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From the Dean

A visit to Russia — 20 years later

Mikhail Gusman, the deputy chief of Russia's ITAR-TASS news agency, has some clear views on today's journalism. Blogging and journalism are not the same thing, though journalists may themselves be bloggers. Americans have a pretty unsophisticated view of Russians.

Bierbauer in St. PetersburgGusman and a score of Russian journalists, educators and public officials shared their views in a frank and wide ranging discussion in St. Petersburg last week. "Frank" used to be diplomatic code for officials who simply could not see eye to eye and might not even like each other. Think of Putin and Obama currently.

Gusman is a likeable guy and a gracious host. The three-day dialog was the fourth under the auspices of the US-Russian Presidential Bilateral Commission's sub-group on mass media, but the first at which I was a delegate. We didn't agree on all approaches to the media. In one animated session, the Russians did not agree among themselves on a number of points.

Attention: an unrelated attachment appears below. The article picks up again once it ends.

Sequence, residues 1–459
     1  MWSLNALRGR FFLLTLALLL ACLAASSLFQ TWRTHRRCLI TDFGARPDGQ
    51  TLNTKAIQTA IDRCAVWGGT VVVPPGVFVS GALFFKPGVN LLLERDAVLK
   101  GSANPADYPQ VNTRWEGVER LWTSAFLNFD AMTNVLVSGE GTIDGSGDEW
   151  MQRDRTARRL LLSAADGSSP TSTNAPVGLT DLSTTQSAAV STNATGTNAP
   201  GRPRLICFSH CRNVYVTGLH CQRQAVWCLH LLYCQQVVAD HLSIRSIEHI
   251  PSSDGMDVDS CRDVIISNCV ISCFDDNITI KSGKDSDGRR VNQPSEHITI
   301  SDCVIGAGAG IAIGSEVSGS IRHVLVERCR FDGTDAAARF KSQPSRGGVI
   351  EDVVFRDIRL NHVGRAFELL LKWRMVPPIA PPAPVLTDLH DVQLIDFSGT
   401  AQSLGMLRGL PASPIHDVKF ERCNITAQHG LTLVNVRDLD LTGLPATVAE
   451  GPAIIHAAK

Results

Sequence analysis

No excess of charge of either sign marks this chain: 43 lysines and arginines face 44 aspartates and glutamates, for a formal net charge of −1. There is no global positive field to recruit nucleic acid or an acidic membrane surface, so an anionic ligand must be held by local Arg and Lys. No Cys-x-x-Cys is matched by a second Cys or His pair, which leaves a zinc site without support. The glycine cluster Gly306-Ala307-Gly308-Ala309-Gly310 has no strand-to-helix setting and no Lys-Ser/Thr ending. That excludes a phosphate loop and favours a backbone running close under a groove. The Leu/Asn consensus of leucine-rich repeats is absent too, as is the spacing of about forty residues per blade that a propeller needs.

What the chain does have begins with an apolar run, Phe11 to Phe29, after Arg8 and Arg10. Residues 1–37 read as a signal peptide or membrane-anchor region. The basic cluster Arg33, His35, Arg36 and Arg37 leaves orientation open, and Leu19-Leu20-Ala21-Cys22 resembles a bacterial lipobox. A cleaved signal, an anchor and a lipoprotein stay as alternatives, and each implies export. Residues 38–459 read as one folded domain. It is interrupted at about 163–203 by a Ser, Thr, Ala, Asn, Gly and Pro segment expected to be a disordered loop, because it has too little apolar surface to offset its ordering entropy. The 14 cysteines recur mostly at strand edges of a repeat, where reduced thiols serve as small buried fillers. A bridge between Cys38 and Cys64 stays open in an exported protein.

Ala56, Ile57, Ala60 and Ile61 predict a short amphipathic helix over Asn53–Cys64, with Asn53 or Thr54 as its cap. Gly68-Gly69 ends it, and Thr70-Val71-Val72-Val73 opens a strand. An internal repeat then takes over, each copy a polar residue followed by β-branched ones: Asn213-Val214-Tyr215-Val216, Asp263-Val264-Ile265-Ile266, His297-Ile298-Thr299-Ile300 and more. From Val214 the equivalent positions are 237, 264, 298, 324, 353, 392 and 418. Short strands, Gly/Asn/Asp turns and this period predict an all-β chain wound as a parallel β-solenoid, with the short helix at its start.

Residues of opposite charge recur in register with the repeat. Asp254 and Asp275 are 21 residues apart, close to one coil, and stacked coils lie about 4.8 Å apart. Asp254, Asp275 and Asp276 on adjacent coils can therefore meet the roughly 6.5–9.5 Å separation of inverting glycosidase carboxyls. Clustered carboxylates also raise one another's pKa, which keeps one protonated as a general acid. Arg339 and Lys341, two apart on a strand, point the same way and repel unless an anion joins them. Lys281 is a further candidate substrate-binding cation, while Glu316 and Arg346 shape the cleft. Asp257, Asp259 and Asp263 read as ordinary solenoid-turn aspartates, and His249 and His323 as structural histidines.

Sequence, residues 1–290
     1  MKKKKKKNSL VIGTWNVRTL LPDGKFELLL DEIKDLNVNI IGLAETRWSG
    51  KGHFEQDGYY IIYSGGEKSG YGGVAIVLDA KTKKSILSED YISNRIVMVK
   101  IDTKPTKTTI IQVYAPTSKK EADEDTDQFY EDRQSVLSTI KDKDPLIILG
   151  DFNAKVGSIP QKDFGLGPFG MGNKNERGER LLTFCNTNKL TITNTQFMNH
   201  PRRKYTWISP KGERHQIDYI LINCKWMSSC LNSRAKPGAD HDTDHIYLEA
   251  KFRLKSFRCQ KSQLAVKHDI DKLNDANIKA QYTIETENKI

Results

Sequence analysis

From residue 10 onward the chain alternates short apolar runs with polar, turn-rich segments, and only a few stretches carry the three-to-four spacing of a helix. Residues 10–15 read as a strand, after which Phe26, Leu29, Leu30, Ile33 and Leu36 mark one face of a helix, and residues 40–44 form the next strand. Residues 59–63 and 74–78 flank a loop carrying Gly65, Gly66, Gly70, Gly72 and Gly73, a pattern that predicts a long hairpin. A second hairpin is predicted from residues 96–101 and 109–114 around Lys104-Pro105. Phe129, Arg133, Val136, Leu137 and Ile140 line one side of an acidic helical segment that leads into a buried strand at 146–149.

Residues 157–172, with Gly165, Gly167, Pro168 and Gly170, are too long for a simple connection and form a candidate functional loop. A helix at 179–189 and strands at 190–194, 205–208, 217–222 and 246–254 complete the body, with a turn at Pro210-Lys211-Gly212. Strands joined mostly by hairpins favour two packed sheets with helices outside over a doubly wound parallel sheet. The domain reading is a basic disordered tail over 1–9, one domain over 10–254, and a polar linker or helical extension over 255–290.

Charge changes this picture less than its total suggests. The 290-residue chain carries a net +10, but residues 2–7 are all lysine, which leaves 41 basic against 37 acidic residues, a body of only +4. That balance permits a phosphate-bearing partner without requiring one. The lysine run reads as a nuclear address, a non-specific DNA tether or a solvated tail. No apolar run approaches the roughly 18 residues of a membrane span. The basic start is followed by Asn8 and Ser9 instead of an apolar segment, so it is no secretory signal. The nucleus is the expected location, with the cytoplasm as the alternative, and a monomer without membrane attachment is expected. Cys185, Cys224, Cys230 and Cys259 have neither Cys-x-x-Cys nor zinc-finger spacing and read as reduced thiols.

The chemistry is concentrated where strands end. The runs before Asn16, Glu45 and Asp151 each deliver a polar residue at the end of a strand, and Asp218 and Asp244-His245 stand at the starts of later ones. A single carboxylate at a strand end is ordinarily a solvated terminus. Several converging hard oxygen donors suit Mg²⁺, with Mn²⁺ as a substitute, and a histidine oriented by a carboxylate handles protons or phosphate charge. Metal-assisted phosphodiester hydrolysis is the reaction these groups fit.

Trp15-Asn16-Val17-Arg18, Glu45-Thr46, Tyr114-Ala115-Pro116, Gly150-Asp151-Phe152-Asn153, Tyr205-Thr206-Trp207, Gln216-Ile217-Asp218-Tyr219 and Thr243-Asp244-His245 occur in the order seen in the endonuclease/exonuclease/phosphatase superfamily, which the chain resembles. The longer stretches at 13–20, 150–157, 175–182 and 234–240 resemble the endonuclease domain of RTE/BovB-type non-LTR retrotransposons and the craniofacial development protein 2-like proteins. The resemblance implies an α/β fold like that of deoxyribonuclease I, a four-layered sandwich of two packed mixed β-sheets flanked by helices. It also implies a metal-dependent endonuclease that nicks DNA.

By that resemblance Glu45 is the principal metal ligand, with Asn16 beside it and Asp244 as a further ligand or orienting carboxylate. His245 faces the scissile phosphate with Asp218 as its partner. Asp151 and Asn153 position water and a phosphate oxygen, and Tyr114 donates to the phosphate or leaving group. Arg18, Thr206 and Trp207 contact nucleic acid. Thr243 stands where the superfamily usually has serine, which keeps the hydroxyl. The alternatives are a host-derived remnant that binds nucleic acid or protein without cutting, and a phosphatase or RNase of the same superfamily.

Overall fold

But the dialog — one of a number taking place across a spectrum of disciplines — has value. Twenty years after the Cold War was declared over, there is a chill in US-Russian relations. Edward Snowden was granted a year's visa while we were in St. Petersburg. As a result, Presidents Putin and Obama may scrub a planned bilateral meeting of their own next month and Snowden's shadow will fall on the G-20 economic summit the Russians are hosting in St. Petersburg.

The G-20 will be held in a czarist palace near the famed glittering and gilded Peterhof. I had never gotten to Peterhof, the czar's summer palace, during my days as a correspondent in the Soviet Union. Now I have Gusman and ITAR-TASS to thank for the visit and the reminder of how over-the-top conspicuous consumption can help bring down an empire.

In the late 1970s when I was ABC's man in Moscow, I would on occasion prod the Soviet foreign ministry spokesman with questions on a story I was pursuing. "Read TASS," was the dismissive reply. "When we have something to say, it will be on TASS." There was not much interest in dialogue. That has changed.